Weird Suffolk: Wax mannequin used as tragic torment
PUBLISHED: 17:51 23 November 2018 | UPDATED: 17:51 23 November 2018
Only a dummy would ignore a curse linked to a haunted mannequin which threatened revenge on anyone that moved it.
But at the 16th century Hintlesham Hall near Ipswich, this is precisely what happened when a wax effigy was moved from its special resting place on the landing of the hall’s grand staircase against strict instruction.
However, before we arrive at the reason for the dreadful curse - the tragic story behind the strange statue and its staircase home. According to legend, generations ago the Lady of the Manor died, leaving a motherless little girl and a heartbroken husband who quickly found a new wife to cure his loneliness. She was a cruel stepmopther and, when her new husband went away, ill-treated and starved the little girl to the point that when her father arrived, she was too unwell to save and she joined her mother in heaven. When the facts of his new wife’s cruelty reached the ears of the Lord of the Manor, he was determined to torment her with endless remorse: he had a wax model of his daughter made which looked exactly the same as the moment that the poor girl died. It was then placed on the landing of the principal staircase of Hintlesham Hall in a glass box so that his wife would have to look at what she had done every single time she ascended or descended the stairs. As a final caveat to his will, he directed that the model should never be removed from its place, adding that if it were, a dreadful curse would fall over the house and the family within it.
In later years, the glass case was covered with a curtain, but left in its resting place. Mary Lewes, in her 1911 book Stranger Than Fiction: Being Tales from the Byways of Ghosts and Folklore, described the figure: “On the landing of the principal staircase of this house there might be seen, a few years since, a glass case covered by a curtain, which, if drawn, revealed the waxen effigy of a child, terribly wasted and emaciated, lying on her side as if asleep. “It was described to me as so realistic as to be quite horrible, and it is apparent that some very strong reason must have existed for keeping so unpleasant an object in such a thoroughfare of the house…covered in later years with a curtain, the effigy remained until a day arrived in quite recent times, when the family then in possession were giving a dance, and for some reason had the case containing the wax-work carried downstairs and put in an outhouse. “But mark what happened. That very night occurred a shock of earthquake violent enough to cause part of the house to fall down! Very likely mere coincidence; but as it might have been the working of the curse consequent in the removal of the case, it was though advisable to restore the grisly relic to its former position, where, as far as my informant knew, it may be seen to this day.”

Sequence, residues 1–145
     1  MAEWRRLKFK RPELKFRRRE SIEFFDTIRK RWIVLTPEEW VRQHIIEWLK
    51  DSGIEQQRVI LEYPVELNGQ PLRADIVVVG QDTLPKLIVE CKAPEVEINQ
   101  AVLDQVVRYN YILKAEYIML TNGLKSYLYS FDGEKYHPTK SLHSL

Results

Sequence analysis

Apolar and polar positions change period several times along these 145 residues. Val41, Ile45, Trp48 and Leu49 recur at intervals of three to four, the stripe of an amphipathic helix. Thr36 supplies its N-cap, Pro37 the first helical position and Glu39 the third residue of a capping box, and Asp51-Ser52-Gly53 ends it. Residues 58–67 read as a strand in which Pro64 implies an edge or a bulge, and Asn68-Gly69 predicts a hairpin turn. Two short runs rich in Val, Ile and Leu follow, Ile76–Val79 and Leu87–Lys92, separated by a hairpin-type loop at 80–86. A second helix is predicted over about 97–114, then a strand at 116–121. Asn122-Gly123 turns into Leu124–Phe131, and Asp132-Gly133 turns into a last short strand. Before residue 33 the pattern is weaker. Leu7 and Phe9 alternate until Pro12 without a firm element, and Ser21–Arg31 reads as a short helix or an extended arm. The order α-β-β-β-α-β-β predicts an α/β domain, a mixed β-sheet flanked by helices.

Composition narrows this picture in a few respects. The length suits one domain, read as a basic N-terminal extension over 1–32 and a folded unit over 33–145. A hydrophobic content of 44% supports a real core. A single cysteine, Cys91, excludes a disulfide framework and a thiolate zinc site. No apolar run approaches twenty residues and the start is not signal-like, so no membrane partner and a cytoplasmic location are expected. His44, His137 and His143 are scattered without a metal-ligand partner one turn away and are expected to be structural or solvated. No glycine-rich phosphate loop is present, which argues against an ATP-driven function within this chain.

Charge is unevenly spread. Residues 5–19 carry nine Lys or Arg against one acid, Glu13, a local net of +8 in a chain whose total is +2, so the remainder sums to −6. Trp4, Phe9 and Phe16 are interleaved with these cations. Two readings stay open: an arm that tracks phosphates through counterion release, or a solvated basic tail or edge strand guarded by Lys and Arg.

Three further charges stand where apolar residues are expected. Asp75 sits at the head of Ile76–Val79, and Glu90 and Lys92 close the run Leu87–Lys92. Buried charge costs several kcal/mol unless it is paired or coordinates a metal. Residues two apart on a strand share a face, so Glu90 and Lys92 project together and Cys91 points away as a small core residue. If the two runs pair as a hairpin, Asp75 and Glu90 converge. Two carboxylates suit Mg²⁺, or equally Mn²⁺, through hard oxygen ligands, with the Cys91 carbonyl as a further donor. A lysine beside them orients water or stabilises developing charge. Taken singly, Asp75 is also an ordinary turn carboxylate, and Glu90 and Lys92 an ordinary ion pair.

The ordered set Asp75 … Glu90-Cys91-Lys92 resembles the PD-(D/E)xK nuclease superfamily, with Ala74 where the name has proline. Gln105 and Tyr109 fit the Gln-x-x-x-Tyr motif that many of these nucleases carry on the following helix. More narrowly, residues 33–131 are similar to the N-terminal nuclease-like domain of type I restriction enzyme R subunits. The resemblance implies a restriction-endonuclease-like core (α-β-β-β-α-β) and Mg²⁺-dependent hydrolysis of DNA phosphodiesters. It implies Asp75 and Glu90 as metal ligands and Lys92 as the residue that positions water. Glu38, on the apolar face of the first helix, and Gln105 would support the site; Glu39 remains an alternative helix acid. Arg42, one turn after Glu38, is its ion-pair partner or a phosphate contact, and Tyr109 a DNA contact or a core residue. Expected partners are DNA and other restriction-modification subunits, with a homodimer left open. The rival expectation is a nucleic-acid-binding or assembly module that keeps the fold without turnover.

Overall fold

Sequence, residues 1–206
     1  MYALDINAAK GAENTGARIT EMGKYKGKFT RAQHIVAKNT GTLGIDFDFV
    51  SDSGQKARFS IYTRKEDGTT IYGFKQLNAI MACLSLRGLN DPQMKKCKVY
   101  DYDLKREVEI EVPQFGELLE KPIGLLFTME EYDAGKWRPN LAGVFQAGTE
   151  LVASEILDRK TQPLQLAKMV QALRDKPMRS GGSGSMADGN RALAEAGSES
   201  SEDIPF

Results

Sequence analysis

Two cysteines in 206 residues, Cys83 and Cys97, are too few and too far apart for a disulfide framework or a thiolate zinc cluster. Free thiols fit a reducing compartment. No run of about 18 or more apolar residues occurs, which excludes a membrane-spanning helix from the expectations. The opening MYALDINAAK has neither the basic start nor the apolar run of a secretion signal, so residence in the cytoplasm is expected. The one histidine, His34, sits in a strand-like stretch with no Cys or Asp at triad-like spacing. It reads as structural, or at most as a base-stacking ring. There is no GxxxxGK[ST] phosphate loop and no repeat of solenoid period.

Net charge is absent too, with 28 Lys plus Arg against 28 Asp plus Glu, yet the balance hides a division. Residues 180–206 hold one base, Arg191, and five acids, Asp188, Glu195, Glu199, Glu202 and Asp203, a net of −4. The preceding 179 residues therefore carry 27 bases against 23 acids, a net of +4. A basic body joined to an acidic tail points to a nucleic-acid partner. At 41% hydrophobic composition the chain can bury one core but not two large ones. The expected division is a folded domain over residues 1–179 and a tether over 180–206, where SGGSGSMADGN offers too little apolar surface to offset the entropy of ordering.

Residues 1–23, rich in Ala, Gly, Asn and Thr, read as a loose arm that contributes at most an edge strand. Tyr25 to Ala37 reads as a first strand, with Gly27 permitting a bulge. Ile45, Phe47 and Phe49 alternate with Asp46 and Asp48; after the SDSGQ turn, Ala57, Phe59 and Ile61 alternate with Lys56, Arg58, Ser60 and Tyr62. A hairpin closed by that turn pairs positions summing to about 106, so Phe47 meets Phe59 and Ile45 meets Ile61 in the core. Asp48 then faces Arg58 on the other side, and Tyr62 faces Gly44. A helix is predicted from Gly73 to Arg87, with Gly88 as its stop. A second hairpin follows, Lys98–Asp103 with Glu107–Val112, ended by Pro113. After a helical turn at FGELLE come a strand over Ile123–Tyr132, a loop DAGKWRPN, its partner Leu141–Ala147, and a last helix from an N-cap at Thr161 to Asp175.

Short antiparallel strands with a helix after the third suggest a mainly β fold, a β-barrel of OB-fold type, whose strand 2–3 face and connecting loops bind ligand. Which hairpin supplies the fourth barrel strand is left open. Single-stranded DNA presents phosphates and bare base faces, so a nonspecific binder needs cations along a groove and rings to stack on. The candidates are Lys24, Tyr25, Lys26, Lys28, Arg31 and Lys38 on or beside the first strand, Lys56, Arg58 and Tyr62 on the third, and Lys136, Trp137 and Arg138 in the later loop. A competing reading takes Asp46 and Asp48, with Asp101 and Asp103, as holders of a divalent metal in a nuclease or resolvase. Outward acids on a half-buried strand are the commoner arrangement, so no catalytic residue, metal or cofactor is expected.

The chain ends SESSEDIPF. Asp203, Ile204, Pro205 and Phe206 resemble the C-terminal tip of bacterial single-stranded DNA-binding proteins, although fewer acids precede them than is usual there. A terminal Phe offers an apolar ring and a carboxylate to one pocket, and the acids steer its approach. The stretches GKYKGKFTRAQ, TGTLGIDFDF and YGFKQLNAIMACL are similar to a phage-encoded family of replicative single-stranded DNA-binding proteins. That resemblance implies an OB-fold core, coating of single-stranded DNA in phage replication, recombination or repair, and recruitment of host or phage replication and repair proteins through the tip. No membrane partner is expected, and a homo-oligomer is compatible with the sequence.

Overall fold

Other stories haunt Hintlesham Hall. In Jennifer Westwood’s Haunted England: The Penguin Book of Ghosts, the author talks of the hall which was “gambled away on the days of Queen Anne by Henry Timperly” and in 1747 came into the possession of Sir Richard Lloyd and passed from him to his son and then his grandson, both of whom were called Richard Savage Lloyd.It was, apparently, one of the Savage Lloyds’ wives who starved her stepchild to death, but in this tale, the child was a boy and it was her ghost which haunted the great staircase and the library.
The dummy modelled from the features of the murdered boy was, this tale continues, given the name the Luck of Hintlesham’ and was locked in the attic following its time on the staircase. It was said that if the effigy was removed, broken or harmed, the house would fall out of the family and disaster would swiftly follow – indeed, when the figure was removed from the staircase for a dance, it wasn’t long before the curse struck.
“But hark what happened!” wrote Lewes, “That very night occurred a shock of earthquake enough to cause part of the house to fall down!”
Author of 1934’s Luck and Talismans, Charles Beard, stayed at Hintlesham and wrote about an eerie night where he saw the library door swing open “as though propelled by an invisible but purposeful hand” before it shut again. He wrote of the figure, which he thought was a waxwork funerary effigy: “I believe it was so removed at one time and the house was sold by Colonel Lloyd Anstruther.”
Restored and turned into a hotel by chef to the stars Robert Carrier and later owned by hotelier and broadcaster Ruth Wilson, paranormal investigators have heard footfalls and heard stories of guests at Hintlesham Hall who have seen ghostly children or who have woken in the night to see a little girl and then felt their pillow pulled from underneath their head.
No one knows where the haunted mannequin is today – could it still be hidden in Hintlesham’s attic?
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